It should go without saying that the most historical space artifacts are those that have actually flown in space. Of lesser historical importance are those, such as backup space hardware, that were intended to fly but never did, and can serve as historical reference, educational tools, and inspiration. Below those items in importance—quite far below in fact—are the ground facilities that have alternative uses and relatively limited connection to the actual activities themselves. They are also the most difficult and expensive things to preserve; you cannot move a launch control bunker to a museum, and it may occupy a remote piece of real estate that has valuable uses.

Considering this prioritization hierarchy, the United States has a truly impressive record at preserving its space artifacts. All three flown space shuttles are currently on display indoors and protected from the elements, as is the first shuttle test article. All flown piloted Apollo, Gemini, and Mercury spacecraft are also preserved. There are three huge Saturn V rockets—two of them actual flight hardware—in climate controlled indoor display areas. The United States government, often in partnership with private companies, took the biggest rockets ever built, and erected large buildings to house them and preserve them—a substantial expenditure that is unmatched by any other country for its aerospace heritage. This leftover unflown space hardware could have been scrapped, and significant money saved, but they were kept for future generations.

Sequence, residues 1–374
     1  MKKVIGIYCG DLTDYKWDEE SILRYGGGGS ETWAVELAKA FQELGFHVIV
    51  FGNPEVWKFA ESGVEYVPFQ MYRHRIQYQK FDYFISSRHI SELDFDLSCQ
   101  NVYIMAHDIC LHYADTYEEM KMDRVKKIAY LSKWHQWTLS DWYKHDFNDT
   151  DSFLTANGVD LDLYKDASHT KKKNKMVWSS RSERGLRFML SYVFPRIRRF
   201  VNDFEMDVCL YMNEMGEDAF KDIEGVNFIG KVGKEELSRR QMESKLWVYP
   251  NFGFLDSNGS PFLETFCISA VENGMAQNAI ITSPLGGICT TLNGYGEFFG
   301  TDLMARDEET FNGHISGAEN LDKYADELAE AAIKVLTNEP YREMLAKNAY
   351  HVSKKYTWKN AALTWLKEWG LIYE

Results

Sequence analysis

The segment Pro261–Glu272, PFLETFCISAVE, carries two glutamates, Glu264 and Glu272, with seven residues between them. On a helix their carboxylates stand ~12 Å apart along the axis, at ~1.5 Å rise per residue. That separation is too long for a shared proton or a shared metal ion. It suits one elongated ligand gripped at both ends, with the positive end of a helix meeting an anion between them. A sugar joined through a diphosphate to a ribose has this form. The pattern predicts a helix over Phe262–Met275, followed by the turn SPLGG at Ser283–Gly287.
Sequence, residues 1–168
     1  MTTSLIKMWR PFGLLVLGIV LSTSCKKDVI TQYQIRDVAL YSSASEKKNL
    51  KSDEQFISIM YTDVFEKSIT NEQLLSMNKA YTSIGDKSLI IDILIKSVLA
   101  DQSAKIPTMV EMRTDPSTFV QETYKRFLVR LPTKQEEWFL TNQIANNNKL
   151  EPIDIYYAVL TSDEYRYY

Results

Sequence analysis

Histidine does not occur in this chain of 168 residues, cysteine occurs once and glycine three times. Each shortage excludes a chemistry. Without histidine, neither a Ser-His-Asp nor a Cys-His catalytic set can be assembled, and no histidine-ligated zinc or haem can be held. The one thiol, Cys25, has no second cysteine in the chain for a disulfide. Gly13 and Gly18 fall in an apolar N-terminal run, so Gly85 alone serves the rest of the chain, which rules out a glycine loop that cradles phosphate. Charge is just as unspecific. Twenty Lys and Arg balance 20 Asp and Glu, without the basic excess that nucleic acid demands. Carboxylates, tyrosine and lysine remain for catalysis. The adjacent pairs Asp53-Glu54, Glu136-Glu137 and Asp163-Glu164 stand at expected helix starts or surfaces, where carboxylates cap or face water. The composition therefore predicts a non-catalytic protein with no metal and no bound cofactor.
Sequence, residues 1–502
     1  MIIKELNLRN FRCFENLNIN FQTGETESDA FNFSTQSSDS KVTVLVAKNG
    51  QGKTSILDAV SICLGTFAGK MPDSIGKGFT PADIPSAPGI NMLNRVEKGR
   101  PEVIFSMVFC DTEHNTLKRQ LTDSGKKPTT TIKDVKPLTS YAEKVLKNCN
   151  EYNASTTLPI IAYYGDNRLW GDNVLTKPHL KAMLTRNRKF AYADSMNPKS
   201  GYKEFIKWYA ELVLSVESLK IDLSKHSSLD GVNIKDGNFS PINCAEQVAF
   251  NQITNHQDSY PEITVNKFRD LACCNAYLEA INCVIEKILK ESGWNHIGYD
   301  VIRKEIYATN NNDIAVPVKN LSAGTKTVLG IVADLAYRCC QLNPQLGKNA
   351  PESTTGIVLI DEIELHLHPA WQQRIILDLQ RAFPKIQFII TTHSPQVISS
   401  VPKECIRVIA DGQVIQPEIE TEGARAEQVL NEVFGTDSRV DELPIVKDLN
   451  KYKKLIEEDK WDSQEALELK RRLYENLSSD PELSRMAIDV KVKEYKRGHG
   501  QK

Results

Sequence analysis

One suspects that if Proust stood in an American museum and looked at a Moon rock or a spacecraft he would understand why it was there and the memories it was intended to preserve and revive, and their role in supporting “the vast structure of recollection.”

That space hardware and many other objects, such as unflown robotic spacecraft, are on display at numerous museums in Houston, Huntsville, Washington DC, Los Angeles, New York City, Seattle, Chicago, Dayton, and even the middle of Kansas. There is no way to walk into the magnificent Apollo-Saturn V Center at the Kennedy Space Center and not only be impressed by the rocket it contains, but the sheer scale and effort—and money—that went into that facility. It is a shrine to American achievement, complete with its own stirring symphonic score.